The roots of polynomial with real coefficients $$p(x)=x^n+c_{n-1}x^{n-1}+ \dots+c_1x+c_0 $$ equal the eigenvalues of the companion matrix: $$ \begin{bmatrix} 0&1&0& \dots & 0\\ 0&0&1& \dots & 0\\ & \vdots & & \ddots &\\ -p_0&-p_1&-p_2& \dots & -p_{n-1}\\ \end{bmatrix} $$ I programed it and it works perfectly. Sometimes there are two identical eigenvalues which should be the real component of two complex conjugated roots, I guess. (This method is said to be the default solver in MATLAB, but I programed it in Java.)

So it seems that ‘finding real roots of polynomial equations’ is ultimately done, but why there are some many mathematicians still working on it, for example: Efficient polynomial root-refiners (McNamee, 2012) or Inverse power and Durand-Kerner iterations for univariate polynomial root-finding (Bini 2004).

To be specific, the celebrated rank-one companion matrix (also appears in the aforementioned paper) has no advantage over the original Frobenius companion matrix, so far I understand.

Again, many papers focus on roots isolation by Vincent's theorem. However, roots isolation seems unnecessary at all if the companion matrix directly gives the roots.

Besides, I am confused when people talking about 'approximate' the roots even then using the companion matrix. In my opinion, the companion matrix gives exact roots though a compute is subject to limited precision. "Numerical approximation of roots of polynomials in one unknown is easily done on a computer by the Jenkins–Traub method, Laguerre's method, Durand–Kerner method, or by some other root-finding algorithm" sounds like a big myth.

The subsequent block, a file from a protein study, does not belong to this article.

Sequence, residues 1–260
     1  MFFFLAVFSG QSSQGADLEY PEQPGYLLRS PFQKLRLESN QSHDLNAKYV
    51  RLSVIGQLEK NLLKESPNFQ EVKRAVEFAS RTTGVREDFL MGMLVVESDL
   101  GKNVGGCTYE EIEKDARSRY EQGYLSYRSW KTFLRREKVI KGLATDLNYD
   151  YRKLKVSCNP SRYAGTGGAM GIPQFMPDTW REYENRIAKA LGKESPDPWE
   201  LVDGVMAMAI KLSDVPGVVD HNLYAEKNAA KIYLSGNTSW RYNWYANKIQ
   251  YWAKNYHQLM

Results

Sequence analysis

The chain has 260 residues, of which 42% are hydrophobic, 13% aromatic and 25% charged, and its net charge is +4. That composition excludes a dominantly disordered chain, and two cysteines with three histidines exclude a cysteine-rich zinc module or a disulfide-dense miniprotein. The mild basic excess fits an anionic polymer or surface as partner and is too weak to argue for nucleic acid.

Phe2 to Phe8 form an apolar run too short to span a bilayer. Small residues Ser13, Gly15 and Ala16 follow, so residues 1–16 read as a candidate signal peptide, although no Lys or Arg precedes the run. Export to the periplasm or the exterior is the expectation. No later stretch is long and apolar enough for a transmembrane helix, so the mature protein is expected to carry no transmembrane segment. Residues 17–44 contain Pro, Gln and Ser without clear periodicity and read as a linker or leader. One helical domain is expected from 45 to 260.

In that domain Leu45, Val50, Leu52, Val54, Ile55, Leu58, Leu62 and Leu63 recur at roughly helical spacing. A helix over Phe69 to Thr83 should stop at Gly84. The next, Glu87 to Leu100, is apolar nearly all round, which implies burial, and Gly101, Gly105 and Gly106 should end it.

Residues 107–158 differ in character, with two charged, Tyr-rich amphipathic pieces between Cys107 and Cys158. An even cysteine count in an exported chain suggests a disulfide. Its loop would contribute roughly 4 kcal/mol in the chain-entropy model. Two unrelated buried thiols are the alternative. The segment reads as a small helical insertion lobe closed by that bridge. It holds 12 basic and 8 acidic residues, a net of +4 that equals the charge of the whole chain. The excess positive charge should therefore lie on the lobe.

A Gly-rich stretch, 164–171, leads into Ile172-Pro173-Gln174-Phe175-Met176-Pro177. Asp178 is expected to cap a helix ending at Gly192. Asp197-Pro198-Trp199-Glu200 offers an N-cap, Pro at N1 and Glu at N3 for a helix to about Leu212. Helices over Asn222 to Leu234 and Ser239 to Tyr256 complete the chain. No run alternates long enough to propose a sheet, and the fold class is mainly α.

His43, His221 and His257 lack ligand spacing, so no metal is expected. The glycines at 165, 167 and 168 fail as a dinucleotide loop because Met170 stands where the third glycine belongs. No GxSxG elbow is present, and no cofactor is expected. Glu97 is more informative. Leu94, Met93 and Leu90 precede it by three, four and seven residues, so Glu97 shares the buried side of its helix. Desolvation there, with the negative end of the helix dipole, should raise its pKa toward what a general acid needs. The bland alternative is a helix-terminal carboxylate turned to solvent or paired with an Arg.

Probably I miss some important points?

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    $\begingroup$ How exactly do you find the eigenvalues of the matrix without computing its characteristic polynomial and finding the zeroes of the polynomial? $\endgroup$ – DanielWainfleet Dec 30 '15 at 11:17
  • $\begingroup$ You can't find eigenvalues of a matrix exactly without exactly solving its characteristic polynomial. However, there are many numerical methods for computing (approximations to) eigenvalues of a matrix, which do not rely on characteristic polynomial, and thus can be used to approximate its roots as well $\endgroup$ – Yuriy S Jun 27 '16 at 21:10
  • $\begingroup$ See also en.wikipedia.org/wiki/Eigenvalue_algorithm $\endgroup$ – Yuriy S Jun 27 '16 at 21:11
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    $\begingroup$ "I miss some important points?" - yes, a lot of them. Mostly, Abel and Galois already showed that one cannot in general have radical representations of roots of polynomials of degree higher than 5, so that root-finding algorithms are inherently iterative. (As for lower degrees, you have to use radicals, which are also computed by a computer with an iterative algorithm like Newton-Raphson anyway. :P ) In any event, the literature is vast because there are, well, many ways to skin a cat, but not all of them are the best in all situations. $\endgroup$ – J. M. is a poor mathematician Apr 13 at 6:44

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